Usk Observer – Sat 30 Jul 1859
Pontypool Police Court
[Before Wm Williams Esq and the Rev C A Williams]
“THE UNFORTUNATE PARISH OF GOYTREY.” – WATKINS v EVANS. Mr Price, Abergavenny appeared for complainant, and Mr Llewellyn, Newport, instructed by Mr Alexander Edwards, for defendant. – Complainant who claims to be the legitimate surveyor of highways for the aforesaid parish applied for a distress warrant for £8 8s 4d against the Rev Thomas Evans, rector of Goytrey, for parochial rates. In stating the case, Mr Price said, that his client Watkins was elected to the office of surveyor for the parish of Goytrey, in March 1858, which he held until March, 1859, when in the ordinary way he would have retried, if the inhabitants had properly elected someone to succeed him, as pointed out in the statute of the 5th and 6th of William 4th, which ordained, that they were to meet for that purpose on the 25th of March. The inhabitants did not comply with the statute, for they met on the 24th instead of the 25th of the month, and elected Nicholas as surveyor, which appointment must be considered null and void, as being contrary to the Provisions of the Act of Parliament.
Mr Llewellyn: I have nothing to do with what has been done previously, but I shall expect you to prove that your client has been legally appointed.
Mr Price: My client was appointed in March, 1858, and continued in office until the same month in the present year, when the inhabitants, failing to appoint a successor, he, according to the 5th sec. of the minute, can remain in office, and continue to act until his successor has been appointed. After adverting to the power vested in the Magistrates of appointing a surveyor, in case the parishioners failed to do so, Mr Price called
Mr Watkins, who said, I reside in the parish of Goytrey and was appointed surveyor in March, 1858. I produce my ledger, from which it appears that my accounts were passed in March, 1859, signed by the chairman and a number of parishioners, who did not elect any person to be the surveyor on the 25th of March, or in 14 days afterwards. I continue to hold, and act in the office. I made this rule on the 11th of May; it was published on the 15th of the same month. I placed it on the church door. The amount owing by the Rev Thomas Evans was £8 8s 4d, I demanded it on the 9th and on the 11th instant, the first time I went for it I was ordered off the premises, and have never yet received the money.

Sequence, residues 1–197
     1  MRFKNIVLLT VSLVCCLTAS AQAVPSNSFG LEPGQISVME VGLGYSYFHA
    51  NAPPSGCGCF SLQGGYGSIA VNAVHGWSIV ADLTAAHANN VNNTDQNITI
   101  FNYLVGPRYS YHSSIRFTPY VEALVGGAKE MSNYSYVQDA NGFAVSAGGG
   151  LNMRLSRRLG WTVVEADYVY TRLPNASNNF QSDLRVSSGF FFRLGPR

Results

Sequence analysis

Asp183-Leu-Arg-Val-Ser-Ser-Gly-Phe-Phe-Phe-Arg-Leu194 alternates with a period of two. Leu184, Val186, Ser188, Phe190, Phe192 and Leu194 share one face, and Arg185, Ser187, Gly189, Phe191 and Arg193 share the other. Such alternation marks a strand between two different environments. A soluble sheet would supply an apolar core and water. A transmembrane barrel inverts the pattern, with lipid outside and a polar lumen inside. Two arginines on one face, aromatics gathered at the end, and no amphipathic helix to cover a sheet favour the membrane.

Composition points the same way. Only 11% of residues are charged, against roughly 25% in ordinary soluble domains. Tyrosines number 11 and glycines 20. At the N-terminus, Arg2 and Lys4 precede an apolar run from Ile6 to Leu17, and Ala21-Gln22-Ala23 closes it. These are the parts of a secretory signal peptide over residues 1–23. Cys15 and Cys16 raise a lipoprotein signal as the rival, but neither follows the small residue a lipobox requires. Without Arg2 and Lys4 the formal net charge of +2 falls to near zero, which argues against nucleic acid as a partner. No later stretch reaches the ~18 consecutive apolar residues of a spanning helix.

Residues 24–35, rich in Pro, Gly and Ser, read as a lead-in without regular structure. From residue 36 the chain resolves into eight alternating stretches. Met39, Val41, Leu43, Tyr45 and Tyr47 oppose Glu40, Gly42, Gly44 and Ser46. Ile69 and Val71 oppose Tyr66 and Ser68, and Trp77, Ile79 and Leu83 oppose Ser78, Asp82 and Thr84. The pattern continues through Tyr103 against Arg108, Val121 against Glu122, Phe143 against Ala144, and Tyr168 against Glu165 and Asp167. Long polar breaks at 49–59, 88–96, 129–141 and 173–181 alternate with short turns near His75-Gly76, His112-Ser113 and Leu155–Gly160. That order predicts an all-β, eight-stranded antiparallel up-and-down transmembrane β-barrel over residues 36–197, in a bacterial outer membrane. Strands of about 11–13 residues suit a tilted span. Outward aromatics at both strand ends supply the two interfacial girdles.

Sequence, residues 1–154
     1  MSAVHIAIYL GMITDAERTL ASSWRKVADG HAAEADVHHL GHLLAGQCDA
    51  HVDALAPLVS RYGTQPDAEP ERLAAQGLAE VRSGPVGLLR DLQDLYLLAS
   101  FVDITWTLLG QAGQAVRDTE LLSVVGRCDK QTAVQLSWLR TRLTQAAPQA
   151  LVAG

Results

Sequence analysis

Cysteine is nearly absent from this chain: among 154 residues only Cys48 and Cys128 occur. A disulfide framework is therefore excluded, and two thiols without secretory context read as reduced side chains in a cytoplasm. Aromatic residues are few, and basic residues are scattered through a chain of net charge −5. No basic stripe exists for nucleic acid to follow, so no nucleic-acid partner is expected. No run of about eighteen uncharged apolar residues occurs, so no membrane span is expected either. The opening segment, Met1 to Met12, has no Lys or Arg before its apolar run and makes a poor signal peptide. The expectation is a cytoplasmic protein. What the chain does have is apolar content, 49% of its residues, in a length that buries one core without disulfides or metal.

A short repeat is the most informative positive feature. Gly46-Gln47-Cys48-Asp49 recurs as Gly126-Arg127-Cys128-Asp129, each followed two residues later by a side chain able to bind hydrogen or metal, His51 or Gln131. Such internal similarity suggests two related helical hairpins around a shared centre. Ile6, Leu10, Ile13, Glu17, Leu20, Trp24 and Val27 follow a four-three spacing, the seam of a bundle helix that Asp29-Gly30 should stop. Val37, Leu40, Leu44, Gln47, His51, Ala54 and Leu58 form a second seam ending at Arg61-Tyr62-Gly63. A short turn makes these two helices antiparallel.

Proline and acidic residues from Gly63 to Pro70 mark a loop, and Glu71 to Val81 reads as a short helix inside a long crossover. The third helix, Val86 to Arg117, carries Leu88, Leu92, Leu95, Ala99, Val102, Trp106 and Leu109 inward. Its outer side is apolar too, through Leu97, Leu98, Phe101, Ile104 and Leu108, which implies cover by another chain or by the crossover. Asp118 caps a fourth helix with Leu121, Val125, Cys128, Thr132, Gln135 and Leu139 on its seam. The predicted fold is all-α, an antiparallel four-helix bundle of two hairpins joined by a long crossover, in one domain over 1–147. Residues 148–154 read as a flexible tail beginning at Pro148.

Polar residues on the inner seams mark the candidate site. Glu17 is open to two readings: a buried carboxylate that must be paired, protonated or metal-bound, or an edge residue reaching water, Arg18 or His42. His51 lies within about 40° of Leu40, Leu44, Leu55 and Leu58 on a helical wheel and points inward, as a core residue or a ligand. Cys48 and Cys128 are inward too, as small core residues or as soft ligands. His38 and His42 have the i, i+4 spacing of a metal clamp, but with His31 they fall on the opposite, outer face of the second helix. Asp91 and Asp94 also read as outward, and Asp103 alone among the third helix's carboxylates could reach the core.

Mr Llewellyn: I object to this case going further until Mr Watkins proves his appointment.
Mr Watkins, in answer to Mr Llewellyn said there was a book in which his appointment was entered.
Mr Llewellyn: I want Mr Watkins to prove how or in what manner he was appointed.
Mr Price: His being in possession of the office was sufficient proof of his appointment.
Mr Llewellyn: According to the 6th clause, notice shall be given by the chairman of the parishioners meeting to the person elected, and why is it not produced. You ask us for the payment of a rule, but first, show how you can legally demand it, and if the appointment is not proved, I shall ask the Magistrates to dismiss the case.
Mr Price: We don’t care how we were appointed. Here are our books; we have been recognised by all the parishioners, as the surveyor of the parish. They have paid rates which we levied, and it is now too late to go into the appointment.
Mr Watkins: I collected three rates, and Mr Evans has paid me rates.
Mr Llewellyn: And perhaps he ought not to have done so. However, I shall ask the magistrates, to dismiss the case if the appointment is not proved.
Mr Price again repeated his objection to go into the appointment, for the reasons he previously advanced, viz; that his client had been the recognised surveyor, by all the parishioners, and that it was not too late to go into that matter. He would let Mr Llewellyn have any of his papers, relating to the appointment, if he called for them, but he would not produce them as part of his own case.
The bench said that the appointment should have been proved.
Mr Price, still objecting, said: I’ll undertake to make the justices proceed with the case. It has gone off previously on many little points, and it is time that it should be properly settled.